Many investors bet on a weak dollar by buying foreign stocks and bonds denominated in other currencies. But how do you play a stronger dollar? Online bank EverBank (everbank.com) and two fund companies, ProFunds Advisors (profunds.com) and Rydex Investments (rydexinvestments.com), have come up with some novel approaches. With Everbank's new DollarBull CDs, which require a $10,000 minimum investment, you bet that 1 of 12 currencies will weaken against the dollar. Choose the euro, and the bank will sell euros, buying them back in 3, 6, or 12 months -- whenever the CD expires. If you're right, and the dollar rises, you'll make a profit. If you're wrong, you'll have a loss. There's no interest on these CDs. In fact, you have to pay for the trans-action. That's about 0.5% for the euro, but the fee varies depending on the currency. At ProFunds, the Rising U.S. Dollar ProFund tracks the U.S. Dollar Index and requires a $15,000 investment. Rydex, meanwhile, just launched the Strengthening Dollar Fund, designed to double the return of that index. The minimum is $25,000. Remember, a fund that doubles your gains can double your losses, too.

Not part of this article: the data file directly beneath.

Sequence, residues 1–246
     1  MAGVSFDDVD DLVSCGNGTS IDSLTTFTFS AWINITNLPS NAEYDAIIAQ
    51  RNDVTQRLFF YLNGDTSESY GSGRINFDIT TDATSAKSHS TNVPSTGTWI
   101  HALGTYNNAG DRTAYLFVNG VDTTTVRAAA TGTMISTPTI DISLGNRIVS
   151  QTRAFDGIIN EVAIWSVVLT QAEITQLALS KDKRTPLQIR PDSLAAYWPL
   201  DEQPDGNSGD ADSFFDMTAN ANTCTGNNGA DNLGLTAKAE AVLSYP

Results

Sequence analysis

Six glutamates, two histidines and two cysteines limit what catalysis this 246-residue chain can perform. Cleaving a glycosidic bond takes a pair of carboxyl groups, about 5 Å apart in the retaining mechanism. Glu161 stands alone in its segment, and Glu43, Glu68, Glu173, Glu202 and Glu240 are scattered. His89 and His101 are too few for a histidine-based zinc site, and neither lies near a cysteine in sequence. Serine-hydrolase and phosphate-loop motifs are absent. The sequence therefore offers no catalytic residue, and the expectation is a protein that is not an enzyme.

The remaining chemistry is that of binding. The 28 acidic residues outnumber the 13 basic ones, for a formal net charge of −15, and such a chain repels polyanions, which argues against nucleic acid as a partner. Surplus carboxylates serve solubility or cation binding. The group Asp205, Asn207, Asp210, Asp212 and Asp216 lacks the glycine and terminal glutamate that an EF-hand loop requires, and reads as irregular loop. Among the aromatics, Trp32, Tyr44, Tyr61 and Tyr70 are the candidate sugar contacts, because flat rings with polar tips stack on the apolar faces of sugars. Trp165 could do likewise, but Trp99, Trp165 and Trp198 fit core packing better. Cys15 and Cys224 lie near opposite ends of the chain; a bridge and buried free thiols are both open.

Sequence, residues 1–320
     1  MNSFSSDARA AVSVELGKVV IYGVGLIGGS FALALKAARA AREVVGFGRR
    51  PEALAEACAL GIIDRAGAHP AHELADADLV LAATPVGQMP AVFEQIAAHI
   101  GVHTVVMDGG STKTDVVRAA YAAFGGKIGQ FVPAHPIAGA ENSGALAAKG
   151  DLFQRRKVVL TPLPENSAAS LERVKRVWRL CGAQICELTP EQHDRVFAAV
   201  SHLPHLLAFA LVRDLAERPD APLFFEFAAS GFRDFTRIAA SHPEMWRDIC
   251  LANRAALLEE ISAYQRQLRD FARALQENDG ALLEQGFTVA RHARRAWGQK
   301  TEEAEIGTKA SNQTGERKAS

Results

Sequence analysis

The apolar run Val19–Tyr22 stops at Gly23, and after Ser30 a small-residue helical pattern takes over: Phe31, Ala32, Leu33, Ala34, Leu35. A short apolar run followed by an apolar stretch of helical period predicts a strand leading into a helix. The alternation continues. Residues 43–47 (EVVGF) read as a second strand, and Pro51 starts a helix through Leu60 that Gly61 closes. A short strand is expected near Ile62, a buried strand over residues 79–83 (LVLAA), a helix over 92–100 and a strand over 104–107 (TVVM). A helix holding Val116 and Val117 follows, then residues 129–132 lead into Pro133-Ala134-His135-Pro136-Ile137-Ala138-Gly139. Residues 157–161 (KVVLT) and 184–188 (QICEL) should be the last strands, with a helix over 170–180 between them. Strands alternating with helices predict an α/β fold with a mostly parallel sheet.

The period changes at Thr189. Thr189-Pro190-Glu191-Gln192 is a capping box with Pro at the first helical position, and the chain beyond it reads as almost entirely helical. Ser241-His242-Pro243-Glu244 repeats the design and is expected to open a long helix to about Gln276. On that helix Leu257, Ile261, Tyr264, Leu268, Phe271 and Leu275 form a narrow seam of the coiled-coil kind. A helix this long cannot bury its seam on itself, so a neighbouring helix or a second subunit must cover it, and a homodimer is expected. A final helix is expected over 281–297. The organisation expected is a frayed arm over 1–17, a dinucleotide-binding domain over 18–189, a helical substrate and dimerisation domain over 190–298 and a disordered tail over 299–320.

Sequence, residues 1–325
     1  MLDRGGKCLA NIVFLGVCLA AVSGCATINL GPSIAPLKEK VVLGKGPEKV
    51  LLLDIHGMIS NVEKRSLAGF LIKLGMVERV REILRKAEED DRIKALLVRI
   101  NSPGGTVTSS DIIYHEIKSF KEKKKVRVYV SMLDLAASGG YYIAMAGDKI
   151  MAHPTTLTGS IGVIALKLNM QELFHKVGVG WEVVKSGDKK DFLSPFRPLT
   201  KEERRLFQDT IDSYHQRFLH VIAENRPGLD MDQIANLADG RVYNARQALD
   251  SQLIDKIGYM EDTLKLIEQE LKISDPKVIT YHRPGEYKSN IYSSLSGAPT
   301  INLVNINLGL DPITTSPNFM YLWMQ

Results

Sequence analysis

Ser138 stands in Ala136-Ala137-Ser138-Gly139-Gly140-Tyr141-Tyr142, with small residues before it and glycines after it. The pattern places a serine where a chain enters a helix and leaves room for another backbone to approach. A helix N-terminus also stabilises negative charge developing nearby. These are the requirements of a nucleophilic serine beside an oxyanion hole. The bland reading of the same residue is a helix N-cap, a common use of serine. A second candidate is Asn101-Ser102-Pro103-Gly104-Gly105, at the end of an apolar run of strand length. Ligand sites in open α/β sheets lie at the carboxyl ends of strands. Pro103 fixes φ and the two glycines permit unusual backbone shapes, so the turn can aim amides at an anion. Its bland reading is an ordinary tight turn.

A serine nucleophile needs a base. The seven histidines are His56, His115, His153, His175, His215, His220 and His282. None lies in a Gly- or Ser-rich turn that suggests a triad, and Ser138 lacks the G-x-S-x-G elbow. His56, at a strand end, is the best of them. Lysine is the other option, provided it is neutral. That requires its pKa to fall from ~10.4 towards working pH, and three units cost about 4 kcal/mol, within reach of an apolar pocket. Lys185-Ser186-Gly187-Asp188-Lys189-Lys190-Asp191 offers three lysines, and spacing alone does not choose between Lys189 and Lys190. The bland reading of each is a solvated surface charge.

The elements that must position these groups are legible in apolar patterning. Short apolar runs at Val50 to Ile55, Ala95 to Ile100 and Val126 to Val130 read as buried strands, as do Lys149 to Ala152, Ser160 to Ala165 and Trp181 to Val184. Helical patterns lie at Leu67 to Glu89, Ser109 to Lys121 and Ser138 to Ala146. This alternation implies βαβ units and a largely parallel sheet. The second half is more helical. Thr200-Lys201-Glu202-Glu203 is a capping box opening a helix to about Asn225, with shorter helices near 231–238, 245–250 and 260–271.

Cobblestone streets evoke Old World charm. Now your driveway can have the same look thanks to a Studio City (Calif.) company that imports modular sections of cobblestone quarried in the Italian Alps. The modules from Eurocobble (eurocobble.com) go for $15.90 per square foot and are less expensive than paving stones, which must be placed one at a time. Minimum order is 1,600 square feet.
What book should you throw into your beach bag? How about The Diary of Ma Yan, the heart-wrenching story of a Chinese peasant girl's struggle to get an education? It's one of the nonfiction books that JPMorgan Private Bank (JPM) is recommending to its clients as they head off on vacation (jpmorgan.com/summerreading). The list runs the gamut from Through the Eyes of the Gods: An Aerial Vision of Africa by Robert Haas, to Island at the Center of the World: The Epic Story of Dutch Manhattan by Russell Shorto. One book, Duveen: A Life in Art by Meryle Secrest, profiles the art dealer who served Henry Clay Frick, Henry Huntington, and, you guessed it, J.P. Morgan.